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Win XP Pro Shutdown - HELP!

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October 30, 2003 1:04:11 PM

Hey guys, I've got a problem that just started. Yesterday, I was shuting down, and XP went thru the routine - "logging off", "saving your settings" - then "windows is shutting down" screen froze. Had to shut down with power button. Rebooted, tried to shut down with keyboard - same thing, except this time I CTL+ALT+DEL about 10-15 times and it shut down. Today, I booted up, set a check disk - had to power off manually - rebooted and went thru a chk disk - nothing. Tried to shut down - same thing. Rebooted to safe mode to defrag - the drivers screen that normally shows for 10-15 secs. hung there for over 2 mins. Defragged, set another chk disk - rebooted, still froze at "windows is shutting down" screen - over 2 minutes - then shut down. Now, if I shut down, it hangs while I get a cup of coffee, then eventually shuts down/restarts. I rolled back to a good configuration (system restore - 3 days ago) - didn't help.

Don't think it's hardware - no hardware problems. I believe it's software/Win XP Pro related ...

Any advice - HELP.

Jake

<b><font color=red> “Liberals have many tails and chase them all.” – H.L. Mencken </font color=red><b>

More about : win pro shutdown

October 30, 2003 1:59:30 PM

Just an added note. I disabled Virus and Firewall prgms - thinking they might be hanging up shutdown - but had no effect.

I also ran a virus scan (full)- spybot, adaware, etc.

Could a Trojan, not detected by all my defenses, be doing this ... ?


<b><font color=red> “Liberals have many tails and chase them all.” – H.L. Mencken </font color=red><b><P ID="edit"><FONT SIZE=-1><EM>Edited by Jake_Barnes on 10/30/03 11:27 AM.</EM></FONT></P>
Anonymous
October 30, 2003 9:20:53 PM

I've developed the same problem in the past week or so. Except I have home, and my computer hangs before it gets to the Windows is shutting down screen. Like you, my first thought was my AV. So I disabled it. No change. I haven't installed anything new and I've tried disabling different things in startup control panel. I have a fairly new installation, about two months, and my computer has acted kind of funny ever since. This is the first thing that really bothers me though. I can't seem to find anything that applies to me on the web, or MSKB. I'm considering another fresh installation, if I don't find a solution soon.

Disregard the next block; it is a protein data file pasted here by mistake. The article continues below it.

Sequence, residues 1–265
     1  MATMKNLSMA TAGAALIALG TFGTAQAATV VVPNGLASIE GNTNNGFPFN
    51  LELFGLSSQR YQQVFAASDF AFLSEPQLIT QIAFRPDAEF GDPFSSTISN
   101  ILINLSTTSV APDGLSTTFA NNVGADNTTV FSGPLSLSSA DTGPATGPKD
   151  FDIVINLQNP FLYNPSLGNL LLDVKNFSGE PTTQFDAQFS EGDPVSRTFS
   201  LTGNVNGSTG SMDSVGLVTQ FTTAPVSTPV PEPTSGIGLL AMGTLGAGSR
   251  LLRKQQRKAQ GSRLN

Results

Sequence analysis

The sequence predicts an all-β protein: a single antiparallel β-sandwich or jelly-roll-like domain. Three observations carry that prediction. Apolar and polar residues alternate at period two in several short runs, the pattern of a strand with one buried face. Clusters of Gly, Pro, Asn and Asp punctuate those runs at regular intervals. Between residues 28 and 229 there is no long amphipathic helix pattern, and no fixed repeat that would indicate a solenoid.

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October 30, 2003 9:50:21 PM

Check your post - I posted this similar problem there. I've done what you've done - my install is <2 mos old. And yea, next week - it's a new HD, clean install, etc - I'm so sick of Microsoft ...

Hey sorry, that wasn't you - so that's three of us ... maybe the new M$ Critical Updates last week - I'll bet this problem shows up more ...



<b><font color=red> “Liberals have many tails and chase them all.” – H.L. Mencken </font color=red><b><P ID="edit"><FONT SIZE=-1><EM>Edited by Jake_Barnes on 10/30/03 07:26 PM.</EM></FONT></P>
Anonymous
October 30, 2003 10:34:27 PM

The updates are the only thing that I've done. Hmm.....

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October 31, 2003 3:40:39 AM